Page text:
The EWG has applied for Geographical Indication AKA GI from the UK Department for Environment, Food & Rural Affairs (Defra) to recognise English Whisky in its own right. Hopefully, we will soon see the EWG publishing 'an English Whisky Rule Book'. Please find the official EWG website here for updates and more information.


Examples of English whiskies

Image by The Whisky Ardvark



 

The EU


The European Parliament guidelines for whisky 2019

Image by The Whisky Ardvark


The current rules and regulations on whisky in the EU are governed by The European Parliament under the 2019/787 law. The EU law regulates bottling, labelling, and exportation requirements for spirit drinks, which include whisky. Even though the EU law dictates the rules - and grants GIs - the whisky-specific regulations are relatively lax. Some countries inside the EU have their own laws regulating their whisky industry (often relying on the Scotch whisky production guidelines), but all must at least fulfil the requirements set by the EU.


Please see the full technical file here. The regulations on whisky and whiskey can be found on page 31.



 

Australia


The Australian distillers association whisky guidelines

Image by The Whisky Ardvark


The Australian whisky industry is advocated by the Australian Distillers Association ADA in Sydney and overseen by the Australian Taxation Office ATO. The ADA was established in 2004 to fight for the rights of Australia's whisky industry.


Please find the ATO technical file on Australian whisky here.


The early settlers were thought to have started distilling soon after their arrival and migration (and yes, some of them were banished by the Crown) from England. The first Australian whisky distillery, Sorell distillery in Hobart, was established by Thomas Haigh Midwood in 1822. Soon after, another 15 distilleries were established in Tasmania (at the time known as Van Diemen's Land) before Governor John Franklin banned distilling on the island in 1838. Tasmania wouldn't see any whisky produced until the 1990s.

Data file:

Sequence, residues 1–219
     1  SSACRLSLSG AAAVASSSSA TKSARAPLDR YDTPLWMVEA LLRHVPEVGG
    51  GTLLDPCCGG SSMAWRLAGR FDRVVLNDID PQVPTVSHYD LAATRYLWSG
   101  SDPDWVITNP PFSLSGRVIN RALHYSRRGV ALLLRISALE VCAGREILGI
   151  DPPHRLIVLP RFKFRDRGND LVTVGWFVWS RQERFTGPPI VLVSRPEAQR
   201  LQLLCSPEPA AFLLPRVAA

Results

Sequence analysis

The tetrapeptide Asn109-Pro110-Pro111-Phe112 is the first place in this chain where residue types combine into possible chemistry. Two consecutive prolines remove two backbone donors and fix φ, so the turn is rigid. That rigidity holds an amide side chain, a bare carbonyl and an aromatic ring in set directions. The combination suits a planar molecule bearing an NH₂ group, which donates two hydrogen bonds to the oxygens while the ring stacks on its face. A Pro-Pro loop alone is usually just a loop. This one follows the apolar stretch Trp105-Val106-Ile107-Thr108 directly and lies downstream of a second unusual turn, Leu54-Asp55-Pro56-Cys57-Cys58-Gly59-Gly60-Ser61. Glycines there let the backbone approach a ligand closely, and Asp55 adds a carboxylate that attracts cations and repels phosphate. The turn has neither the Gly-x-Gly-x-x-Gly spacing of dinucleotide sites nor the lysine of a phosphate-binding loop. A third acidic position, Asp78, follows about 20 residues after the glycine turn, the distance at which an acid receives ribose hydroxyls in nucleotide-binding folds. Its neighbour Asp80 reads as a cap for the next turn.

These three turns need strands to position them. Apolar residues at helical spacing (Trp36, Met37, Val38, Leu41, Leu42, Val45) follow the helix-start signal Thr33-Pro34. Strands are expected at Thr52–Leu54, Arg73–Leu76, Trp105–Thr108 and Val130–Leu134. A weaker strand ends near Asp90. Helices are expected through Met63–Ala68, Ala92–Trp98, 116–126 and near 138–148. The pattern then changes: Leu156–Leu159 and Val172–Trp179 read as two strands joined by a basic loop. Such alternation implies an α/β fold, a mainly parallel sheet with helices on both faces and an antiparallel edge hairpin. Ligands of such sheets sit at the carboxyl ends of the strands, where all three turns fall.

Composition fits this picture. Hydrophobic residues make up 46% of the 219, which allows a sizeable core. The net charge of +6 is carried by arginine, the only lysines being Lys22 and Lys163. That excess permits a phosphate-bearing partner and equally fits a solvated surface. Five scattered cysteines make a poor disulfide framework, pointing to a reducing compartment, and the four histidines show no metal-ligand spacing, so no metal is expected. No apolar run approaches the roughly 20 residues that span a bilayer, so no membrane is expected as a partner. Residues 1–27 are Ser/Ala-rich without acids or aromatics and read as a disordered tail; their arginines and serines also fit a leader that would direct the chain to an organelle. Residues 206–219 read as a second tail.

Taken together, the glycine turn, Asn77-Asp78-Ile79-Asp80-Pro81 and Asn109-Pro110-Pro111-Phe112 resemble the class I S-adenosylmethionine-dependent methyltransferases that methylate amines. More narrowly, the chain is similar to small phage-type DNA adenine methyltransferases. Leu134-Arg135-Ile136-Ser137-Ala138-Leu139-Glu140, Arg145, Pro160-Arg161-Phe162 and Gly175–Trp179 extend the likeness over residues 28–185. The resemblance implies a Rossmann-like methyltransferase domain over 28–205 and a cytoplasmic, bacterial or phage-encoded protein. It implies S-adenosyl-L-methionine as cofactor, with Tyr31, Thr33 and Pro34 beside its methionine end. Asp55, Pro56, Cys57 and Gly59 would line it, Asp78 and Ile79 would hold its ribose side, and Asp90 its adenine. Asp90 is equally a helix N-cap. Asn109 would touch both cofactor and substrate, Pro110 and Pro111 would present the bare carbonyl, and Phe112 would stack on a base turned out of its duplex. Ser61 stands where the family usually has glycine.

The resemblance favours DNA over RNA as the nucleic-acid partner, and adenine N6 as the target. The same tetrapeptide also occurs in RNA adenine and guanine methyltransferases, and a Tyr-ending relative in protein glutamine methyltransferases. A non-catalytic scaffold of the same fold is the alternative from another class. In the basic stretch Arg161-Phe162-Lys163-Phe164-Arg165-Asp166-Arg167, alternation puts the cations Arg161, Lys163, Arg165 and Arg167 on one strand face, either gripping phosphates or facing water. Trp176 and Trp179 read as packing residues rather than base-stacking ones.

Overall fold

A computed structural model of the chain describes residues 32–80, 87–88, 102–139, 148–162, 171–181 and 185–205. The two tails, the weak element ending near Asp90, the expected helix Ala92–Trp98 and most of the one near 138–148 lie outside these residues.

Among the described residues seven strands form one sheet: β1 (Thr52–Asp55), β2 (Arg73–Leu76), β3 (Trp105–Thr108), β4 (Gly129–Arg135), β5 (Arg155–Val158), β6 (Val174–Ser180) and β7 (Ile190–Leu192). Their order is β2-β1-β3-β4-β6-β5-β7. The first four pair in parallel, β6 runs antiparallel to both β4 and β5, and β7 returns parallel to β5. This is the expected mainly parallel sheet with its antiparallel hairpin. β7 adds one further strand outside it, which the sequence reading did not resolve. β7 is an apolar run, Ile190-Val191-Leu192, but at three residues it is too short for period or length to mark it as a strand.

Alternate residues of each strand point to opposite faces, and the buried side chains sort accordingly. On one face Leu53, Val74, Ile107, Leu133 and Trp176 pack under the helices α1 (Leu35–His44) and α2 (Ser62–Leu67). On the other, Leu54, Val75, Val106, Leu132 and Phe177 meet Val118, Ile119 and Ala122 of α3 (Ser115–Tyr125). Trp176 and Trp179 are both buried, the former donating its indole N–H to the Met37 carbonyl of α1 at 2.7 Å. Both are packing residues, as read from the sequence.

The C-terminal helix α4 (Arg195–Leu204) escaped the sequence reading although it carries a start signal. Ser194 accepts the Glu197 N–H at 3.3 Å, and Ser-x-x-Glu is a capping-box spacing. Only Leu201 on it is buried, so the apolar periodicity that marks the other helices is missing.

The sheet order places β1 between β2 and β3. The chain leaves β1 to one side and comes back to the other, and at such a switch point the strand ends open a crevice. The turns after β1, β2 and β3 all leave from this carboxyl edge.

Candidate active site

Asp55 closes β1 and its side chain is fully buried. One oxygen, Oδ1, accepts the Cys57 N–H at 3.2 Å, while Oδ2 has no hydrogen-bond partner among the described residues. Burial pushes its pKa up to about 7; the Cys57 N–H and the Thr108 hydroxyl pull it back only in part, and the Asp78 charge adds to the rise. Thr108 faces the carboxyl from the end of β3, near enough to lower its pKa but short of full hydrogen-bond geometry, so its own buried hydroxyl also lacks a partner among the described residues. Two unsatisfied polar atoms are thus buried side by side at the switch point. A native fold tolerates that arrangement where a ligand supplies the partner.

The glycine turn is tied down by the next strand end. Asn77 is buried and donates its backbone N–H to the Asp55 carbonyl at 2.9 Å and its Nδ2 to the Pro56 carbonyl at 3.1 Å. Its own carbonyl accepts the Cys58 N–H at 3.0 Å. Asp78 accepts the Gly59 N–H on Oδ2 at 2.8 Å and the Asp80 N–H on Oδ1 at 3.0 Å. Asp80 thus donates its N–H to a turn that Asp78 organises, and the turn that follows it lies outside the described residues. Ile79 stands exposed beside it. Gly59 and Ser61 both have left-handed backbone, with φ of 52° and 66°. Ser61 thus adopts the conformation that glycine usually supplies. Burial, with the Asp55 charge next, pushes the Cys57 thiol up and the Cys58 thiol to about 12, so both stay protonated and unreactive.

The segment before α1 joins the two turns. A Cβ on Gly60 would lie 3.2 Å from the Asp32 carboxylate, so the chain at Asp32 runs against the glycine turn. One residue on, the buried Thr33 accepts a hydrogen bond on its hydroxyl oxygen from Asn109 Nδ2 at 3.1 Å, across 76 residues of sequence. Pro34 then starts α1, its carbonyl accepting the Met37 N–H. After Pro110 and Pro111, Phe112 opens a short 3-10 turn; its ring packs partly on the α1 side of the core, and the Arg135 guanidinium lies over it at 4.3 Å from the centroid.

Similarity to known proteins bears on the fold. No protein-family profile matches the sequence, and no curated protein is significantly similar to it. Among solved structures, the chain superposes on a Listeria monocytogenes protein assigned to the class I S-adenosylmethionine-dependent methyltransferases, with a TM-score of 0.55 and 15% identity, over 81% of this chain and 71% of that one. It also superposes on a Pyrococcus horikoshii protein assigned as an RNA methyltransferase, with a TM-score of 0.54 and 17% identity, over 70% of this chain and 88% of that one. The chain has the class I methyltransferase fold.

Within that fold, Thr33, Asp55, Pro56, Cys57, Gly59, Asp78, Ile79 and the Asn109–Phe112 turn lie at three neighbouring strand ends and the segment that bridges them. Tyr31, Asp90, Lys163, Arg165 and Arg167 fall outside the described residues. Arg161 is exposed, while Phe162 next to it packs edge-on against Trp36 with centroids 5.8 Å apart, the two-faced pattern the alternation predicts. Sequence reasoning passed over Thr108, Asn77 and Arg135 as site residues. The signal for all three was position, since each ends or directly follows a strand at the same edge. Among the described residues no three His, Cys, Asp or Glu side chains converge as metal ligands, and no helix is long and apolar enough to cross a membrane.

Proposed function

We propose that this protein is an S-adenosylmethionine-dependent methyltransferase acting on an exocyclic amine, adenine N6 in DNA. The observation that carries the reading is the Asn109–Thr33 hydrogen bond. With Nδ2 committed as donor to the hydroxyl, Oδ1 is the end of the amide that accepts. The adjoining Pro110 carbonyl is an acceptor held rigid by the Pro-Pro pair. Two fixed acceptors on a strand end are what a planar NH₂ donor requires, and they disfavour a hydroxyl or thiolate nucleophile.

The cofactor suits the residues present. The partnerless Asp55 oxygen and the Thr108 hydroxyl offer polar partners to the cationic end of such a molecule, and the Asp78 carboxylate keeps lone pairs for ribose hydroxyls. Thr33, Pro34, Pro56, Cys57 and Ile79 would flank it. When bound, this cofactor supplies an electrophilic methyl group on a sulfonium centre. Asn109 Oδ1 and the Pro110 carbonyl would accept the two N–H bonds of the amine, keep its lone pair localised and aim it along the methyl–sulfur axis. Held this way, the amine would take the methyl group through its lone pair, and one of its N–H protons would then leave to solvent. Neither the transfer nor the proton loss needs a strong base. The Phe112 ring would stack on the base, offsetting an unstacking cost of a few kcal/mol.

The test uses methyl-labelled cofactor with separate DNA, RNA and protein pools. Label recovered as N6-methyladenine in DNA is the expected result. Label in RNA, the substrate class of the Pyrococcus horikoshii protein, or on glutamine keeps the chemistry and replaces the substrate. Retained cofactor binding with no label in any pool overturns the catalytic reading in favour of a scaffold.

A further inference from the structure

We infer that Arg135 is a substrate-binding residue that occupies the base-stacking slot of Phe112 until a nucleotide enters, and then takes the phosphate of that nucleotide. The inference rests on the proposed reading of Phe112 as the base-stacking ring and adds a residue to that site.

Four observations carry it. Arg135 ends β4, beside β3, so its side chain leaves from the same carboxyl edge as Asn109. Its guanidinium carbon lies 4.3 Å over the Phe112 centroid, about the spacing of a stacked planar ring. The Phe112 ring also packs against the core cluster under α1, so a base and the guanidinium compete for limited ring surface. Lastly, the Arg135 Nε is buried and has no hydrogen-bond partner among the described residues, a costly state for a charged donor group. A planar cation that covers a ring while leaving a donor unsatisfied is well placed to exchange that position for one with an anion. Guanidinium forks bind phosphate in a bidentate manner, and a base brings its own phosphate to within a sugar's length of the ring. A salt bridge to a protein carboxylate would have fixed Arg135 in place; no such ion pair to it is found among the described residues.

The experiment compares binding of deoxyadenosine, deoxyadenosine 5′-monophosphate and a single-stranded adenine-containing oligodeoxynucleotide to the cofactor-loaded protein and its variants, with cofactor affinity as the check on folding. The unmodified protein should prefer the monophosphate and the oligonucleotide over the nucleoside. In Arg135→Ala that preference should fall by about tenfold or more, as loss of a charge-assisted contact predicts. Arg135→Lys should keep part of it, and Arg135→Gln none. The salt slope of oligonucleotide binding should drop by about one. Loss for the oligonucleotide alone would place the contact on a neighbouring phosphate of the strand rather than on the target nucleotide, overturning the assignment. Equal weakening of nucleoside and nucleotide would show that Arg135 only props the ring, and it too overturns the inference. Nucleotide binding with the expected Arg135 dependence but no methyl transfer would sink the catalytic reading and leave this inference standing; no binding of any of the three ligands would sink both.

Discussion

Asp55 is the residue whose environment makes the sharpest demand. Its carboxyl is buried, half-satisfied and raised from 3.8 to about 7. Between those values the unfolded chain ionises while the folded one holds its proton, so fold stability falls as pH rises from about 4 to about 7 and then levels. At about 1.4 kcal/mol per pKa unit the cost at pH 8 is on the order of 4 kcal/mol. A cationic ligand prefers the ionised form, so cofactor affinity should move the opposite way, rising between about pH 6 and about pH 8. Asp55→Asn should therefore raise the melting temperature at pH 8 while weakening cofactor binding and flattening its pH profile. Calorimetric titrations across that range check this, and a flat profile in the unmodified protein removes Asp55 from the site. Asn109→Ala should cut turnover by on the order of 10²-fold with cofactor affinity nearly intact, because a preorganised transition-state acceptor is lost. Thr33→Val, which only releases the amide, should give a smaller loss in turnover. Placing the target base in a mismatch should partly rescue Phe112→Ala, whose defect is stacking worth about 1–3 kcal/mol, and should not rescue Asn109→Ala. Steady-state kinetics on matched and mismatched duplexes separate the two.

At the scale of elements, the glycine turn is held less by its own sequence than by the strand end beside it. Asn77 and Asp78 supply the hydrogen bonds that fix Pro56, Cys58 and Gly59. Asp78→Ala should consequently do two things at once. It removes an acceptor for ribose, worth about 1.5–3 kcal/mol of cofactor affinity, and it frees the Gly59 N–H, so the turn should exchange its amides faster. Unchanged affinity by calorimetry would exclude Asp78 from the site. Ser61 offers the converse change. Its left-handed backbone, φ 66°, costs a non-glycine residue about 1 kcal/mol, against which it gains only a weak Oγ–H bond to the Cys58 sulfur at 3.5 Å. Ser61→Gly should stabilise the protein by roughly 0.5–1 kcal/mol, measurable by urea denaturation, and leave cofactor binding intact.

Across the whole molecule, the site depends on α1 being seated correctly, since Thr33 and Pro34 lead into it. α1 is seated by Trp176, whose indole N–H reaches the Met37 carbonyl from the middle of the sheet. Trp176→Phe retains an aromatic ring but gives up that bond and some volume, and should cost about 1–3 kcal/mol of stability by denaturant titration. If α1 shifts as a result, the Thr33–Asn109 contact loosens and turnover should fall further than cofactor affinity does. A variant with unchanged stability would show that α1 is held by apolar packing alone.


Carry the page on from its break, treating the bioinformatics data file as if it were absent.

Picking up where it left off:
Mainland Australia wasn't affected by the ban, and the first distillery, the Sydney distillery (later known as Glenmore), had been established in 1824. The distillery made rum and gin, but it's unknown if they distilled whisky on the premises as well.


The first major legislation to try and control illegal distilling came in the form of the Victorian Distillation Act in 1862, but it wasn't until the 1901 Distillation Act that a minimum still size of 2700 litres was set. This new act wiped out small distilleries. Only big players who had the money and the space were left running the scene. With the addition of the 1906 Spirits Act, the definition of Australian whisky was set.


Australian whisky regulations file

Image by OZ Whisky Reviews - Spirits Act 1906



For a long time, the Australian whisky industry was run by big companies located in the UK. Gilbey’s of London and the Distillers Company of Edinburgh (later Diageo) had acquired the biggest distilleries on land. Both were only making low-quality whisky for the domestic Australian market due to financial gain, which affected the reputation of Australian whisky from the 1930s to the 1980s.


The 1901 Distillation Act resurfaced in the late 80s in the mind of one Bill Lark. With some help from some regulatory friends, he managed to overturn the minimum still size and set out his Lark distillery in 1992 in Tasmania. The new age of Australian whisky had begun. By the beginning of the 2020s, there were around 50 working distilleries around Australia, 22 of them in Tasmania alone.


For more information about the fascinating history of Australian whisky, please click here. The link will take you to the ADA official website.